Federal court rules against fishermen in Northeast Canyons monument lawsuit
A federal judge last week dismissed a lawsuit brought by commercial fishing groups that challenged the creation of a marine national monument in 2016.
The organizations, which included the Long Island Commercial Fishing Association and the Massachusetts Lobstermen’s Association, claimed the administration of U.S. President Barack Obama did not have the authority to establish the Northeast Canyons and Seamounts Marine National Monument.
The monument is the first national marine monument established in the Atlantic Ocean. Because of the designation, commercial fishing – except for certain red crab and lobster fishing – is prohibited in the 5,000-square-mile area. The crab and lobster fishing will continue until their permits expire.
While the administration of current U.S. President Donald Trump has been considering reopening it and other marine monuments for commercial fishing, it did seek the dismissal of the lawsuit, claiming the Antiquities Act gave presidents the right to establish and define such monuments.
In his ruling, U.S. District Judge James E. Boasberg said the Supreme Court has ruled in three separate instances that the Antiquities Act covers the sea floor as well as the waters above them. He also denied an argument plaintiffs made contending the act could not be used to create monument in the country’s exclusive economic zone because that area was not created when Congress first passed the law in 1906.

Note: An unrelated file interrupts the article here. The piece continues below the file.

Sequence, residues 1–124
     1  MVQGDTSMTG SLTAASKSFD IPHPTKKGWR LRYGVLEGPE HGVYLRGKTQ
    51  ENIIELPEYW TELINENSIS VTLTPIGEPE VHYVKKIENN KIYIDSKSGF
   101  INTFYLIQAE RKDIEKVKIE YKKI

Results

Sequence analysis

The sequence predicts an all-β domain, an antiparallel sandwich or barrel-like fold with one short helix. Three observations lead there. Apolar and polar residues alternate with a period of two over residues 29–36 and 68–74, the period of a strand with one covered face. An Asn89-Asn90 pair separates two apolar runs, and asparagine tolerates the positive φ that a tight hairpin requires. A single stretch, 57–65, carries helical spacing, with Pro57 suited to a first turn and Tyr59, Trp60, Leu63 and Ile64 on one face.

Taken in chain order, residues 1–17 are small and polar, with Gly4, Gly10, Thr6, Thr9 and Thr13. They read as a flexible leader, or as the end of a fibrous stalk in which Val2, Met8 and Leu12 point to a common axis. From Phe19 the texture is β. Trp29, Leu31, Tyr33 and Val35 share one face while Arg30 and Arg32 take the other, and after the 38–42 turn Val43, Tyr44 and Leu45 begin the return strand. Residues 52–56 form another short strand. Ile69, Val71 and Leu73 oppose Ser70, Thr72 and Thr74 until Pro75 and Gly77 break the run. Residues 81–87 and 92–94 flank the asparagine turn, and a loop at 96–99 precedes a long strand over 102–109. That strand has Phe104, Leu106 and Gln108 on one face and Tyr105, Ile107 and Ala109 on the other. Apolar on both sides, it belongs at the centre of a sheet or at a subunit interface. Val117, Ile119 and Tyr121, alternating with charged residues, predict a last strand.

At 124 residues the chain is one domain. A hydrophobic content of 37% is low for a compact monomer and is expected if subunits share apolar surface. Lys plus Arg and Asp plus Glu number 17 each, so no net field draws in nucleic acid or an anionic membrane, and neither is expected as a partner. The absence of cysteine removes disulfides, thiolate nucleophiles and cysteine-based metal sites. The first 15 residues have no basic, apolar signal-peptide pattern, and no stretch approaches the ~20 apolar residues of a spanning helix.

“(O)nce it gained such control under international and domestic law, it could declare national monuments there,” he said. “Plaintiffs offer no evidence that Congress would have intended to treat the EEZ and the Virgin Islands any differently – if expansion in U.S. control and ownership can expand the Act’s scope as to one, logically it can expand the Act’s scope as to the other.”
While plaintiffs consider whether to appeal the ruling they say it will continue to hurt the industry and give future presidents the ability to close access to other waters as well.
“This is not a joke, jobs will be lost and thousands of people’s lives will be impacted through a back-door process that did not require formal federal review,” said Bonnie Brady, executive director of the Long Island Commercial Fishing Association in a Facebook post.
Conservation groups hailed the ruling, saying the ecosystem in the seamounts deserves protection.
“As today’s decision recognizes, the Antiquities Act exists to protect special places for all time, and that includes protecting ocean ecosystems from destructive extractive activities like commercial fishing and oil and gas drilling,” says Kate Desormeau, an attorney for NRDC, which joined other conservation groups to intervene in the case.